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February 21, 1968 - Image 8

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Publication:
The Michigan Daily, 1968-02-21

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PAGE EIGHT

THE MICHIGAN DAILY

WEDNESDAY, FEBRUARY 21. 1968

PAGE EIGUT THE MICHIGAN DAILY WEDNESDAY. FERRTIARV 91 1QI~IR

r ase arks a;e r.:i aria ..I. a. + ALPAir{.7.CZAV L 401, iAVQ

SETBACK FOR BILL'S BACKERS:
Civil Rights Clol

Falls Seven

Vot

WASHINGTON (A) - The Sen- ;
ate refused by seven votes yester-a
day to invoke a time limit on de-1
bate so that a civil rights bill
could be brought to a vote.
Backers of the measure called
the outcome "a significant vic-
tory," however, and said they are
within shooting distance of their
goal.
Senate Democratic Leader Mike
Mansfield of Montana moved for

a test vote Wednesday on an open
housing section, and announced
he will try again next Monday to
bring the basic bill to a showdown.
In yesterday's test, supporters
of the bill were able to muster
only 55 votes, or 7 short of the
two thirds majority needed to in-
voke cloture.
The setback for civil rights
forces came in the face of an ap-
peal by President Johnson for

j
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1
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N. Vietnam Ready
To Talk, Thant Say

R}"<"::..rr-. cept for binding) and 3 copies of the Afternoon only. All degree levels in surance (Home office and Claims),
A LFIabstract to the Dissertation Secretary organic Chemistry. Mgmt. Trng., Personnel, Production,
of the Graduate School by Mon., March Thurs., March 7: Statistics and Accounting.,
11. The report of :17e doctoral commit- Bureau of the Budget, Wash. D.C.- Service Bureau Corportalon. Rocky
BULLETIN tce on the final oral examination must Men -and women. All day. MA and PhD River, Ohio. Men and women. After-
be filed with the Dissertation Secretary degrees only in Econ., Law, Nat'l. Re- noon only. BA Econ., Educ., Gen. Lib.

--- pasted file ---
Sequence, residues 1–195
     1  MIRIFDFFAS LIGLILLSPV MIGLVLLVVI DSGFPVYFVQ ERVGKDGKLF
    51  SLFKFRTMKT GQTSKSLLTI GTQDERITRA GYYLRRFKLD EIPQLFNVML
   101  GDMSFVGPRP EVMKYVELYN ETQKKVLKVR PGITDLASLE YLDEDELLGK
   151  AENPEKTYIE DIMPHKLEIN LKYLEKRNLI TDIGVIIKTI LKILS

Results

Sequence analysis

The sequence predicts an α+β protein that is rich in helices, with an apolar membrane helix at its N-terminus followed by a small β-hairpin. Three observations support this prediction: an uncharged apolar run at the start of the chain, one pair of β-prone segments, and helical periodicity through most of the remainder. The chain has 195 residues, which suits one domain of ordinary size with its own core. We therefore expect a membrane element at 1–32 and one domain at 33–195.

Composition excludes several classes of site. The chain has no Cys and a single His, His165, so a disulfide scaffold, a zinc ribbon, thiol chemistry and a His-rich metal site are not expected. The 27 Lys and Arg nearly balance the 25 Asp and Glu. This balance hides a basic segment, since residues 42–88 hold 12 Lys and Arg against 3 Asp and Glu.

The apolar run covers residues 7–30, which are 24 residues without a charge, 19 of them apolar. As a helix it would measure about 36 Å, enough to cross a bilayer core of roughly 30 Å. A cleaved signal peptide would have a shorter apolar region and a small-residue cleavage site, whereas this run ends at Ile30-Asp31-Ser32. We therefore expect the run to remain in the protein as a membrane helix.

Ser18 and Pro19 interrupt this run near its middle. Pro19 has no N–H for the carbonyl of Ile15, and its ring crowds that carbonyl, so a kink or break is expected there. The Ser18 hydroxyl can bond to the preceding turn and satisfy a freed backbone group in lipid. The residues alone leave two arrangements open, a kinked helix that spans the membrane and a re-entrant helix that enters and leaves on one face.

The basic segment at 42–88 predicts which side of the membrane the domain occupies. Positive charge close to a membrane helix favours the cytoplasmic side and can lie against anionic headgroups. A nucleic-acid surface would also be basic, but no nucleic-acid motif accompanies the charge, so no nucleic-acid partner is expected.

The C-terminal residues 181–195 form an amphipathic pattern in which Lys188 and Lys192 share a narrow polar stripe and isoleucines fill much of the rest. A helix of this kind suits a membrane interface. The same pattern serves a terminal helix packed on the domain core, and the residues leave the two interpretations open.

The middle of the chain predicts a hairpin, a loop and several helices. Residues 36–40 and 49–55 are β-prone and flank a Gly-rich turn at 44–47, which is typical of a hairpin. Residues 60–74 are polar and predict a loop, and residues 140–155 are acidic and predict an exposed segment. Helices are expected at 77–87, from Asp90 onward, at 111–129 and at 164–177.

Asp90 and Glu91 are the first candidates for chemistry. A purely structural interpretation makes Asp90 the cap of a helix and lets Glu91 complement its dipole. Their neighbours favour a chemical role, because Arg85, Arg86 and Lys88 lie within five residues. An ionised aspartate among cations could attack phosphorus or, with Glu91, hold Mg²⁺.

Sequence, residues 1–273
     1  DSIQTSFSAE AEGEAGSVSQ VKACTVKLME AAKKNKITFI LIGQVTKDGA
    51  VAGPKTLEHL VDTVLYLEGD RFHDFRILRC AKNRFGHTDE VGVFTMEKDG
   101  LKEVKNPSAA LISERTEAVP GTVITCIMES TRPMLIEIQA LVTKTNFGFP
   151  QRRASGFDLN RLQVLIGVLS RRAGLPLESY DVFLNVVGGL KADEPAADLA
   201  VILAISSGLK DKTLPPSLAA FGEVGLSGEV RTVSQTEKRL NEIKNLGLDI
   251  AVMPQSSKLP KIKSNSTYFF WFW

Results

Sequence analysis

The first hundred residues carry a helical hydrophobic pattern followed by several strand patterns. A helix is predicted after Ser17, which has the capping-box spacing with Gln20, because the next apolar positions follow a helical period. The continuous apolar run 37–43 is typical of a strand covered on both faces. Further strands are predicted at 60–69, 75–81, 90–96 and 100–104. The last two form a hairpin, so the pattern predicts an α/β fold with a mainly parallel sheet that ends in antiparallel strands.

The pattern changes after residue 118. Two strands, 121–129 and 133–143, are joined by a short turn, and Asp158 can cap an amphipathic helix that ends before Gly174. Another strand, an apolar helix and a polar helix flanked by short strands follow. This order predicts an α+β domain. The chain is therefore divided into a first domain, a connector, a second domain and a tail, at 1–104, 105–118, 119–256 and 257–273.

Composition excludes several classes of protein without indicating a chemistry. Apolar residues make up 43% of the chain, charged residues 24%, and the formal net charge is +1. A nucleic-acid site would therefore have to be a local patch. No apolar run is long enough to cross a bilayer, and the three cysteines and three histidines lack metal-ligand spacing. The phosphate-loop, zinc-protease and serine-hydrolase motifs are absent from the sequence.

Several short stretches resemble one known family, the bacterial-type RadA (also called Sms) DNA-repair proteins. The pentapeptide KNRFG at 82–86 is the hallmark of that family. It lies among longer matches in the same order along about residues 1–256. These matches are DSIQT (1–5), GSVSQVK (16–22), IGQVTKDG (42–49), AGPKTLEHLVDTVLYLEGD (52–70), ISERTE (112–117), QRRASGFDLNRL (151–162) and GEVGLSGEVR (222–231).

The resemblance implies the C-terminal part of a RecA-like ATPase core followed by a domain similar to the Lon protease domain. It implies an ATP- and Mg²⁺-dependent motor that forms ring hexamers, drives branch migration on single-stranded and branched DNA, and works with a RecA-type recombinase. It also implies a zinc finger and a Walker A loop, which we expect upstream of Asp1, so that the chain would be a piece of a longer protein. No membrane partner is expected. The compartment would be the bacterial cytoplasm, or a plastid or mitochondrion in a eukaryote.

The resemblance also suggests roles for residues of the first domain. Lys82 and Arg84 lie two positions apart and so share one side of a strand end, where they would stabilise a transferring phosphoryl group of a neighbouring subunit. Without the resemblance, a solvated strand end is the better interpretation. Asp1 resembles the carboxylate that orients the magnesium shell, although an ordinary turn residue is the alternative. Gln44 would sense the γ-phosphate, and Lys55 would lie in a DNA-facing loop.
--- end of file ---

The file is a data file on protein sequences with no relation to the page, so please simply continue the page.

sisfs 9 s %gi% 9ss 9off the Graduate uchocl (Room 2004 sources, and Pall. Sci. o gt rgAtadMt o D.MmTn
[iir e B ill WEDNESDAY, FEBRUARY 21 Rackham) together with twc copies Operations Research, and Program An- Production, Sales, inside and terri
of the dissertation - ready in all re- alysts. Fri., March 8:
spects for publicw-ion, not later than Procter & Gamble, International Di- Travelers Insurance Conipany, Detroit,
D r Mon., April 8, visions, Cincinnati, Ohio - Men. All Mich. - Men and women. All day. BA!
day. BA/MA /PhD in Gen. Chem., Econ. MA Gen. Lib. Arts, and Math for EDP.
~s S hr t jBurau ofIndMon.,l Aprtion Sem-Gen. Lib. Arts, Math, Engr., Stat., and Insurance (Home Office), Mm.Ti.
Sh O Placent Bu. A. fr dvetisng
ra -"Cmrnunication Skills for AdBfrAdetiig, Production, Bureau of the Budget, Washington,!
Managers: Letter and Report Writing GENERAL DIVISION Statistics, Marketing, Operations Re- D.C. - Men and women. All day. MA
Workshop": Conference Room, Michi- PLACEMENT INTERVIEWS: search, Engrg., Bus., and Acctg. Only and PhD degrees only in Econ., Law,
passage of the bill and a telegram gan Union, 8:30 a.m. to 3:00 p.m. Interview appointments for the fol- citizens of the following countries: Natl. Resources' and Poli. Sci, forI
from Gov. George Romney urging Departments of Botany, Human Gen- lo companies may be made upBelgium, France, Germany, Italy, Mex- Mgmt. Trng., Operations research and
toom4:00.dayoprecedingyvisit.gico, Venezuela, Peru, Central America, Program Analysts.
all, Republican senators to vote etics, and Zoology Seminar - Dr. An- Mon., March 4: Saudi Arabia, Morocco, Libya, Iran, National Labor Relations Board,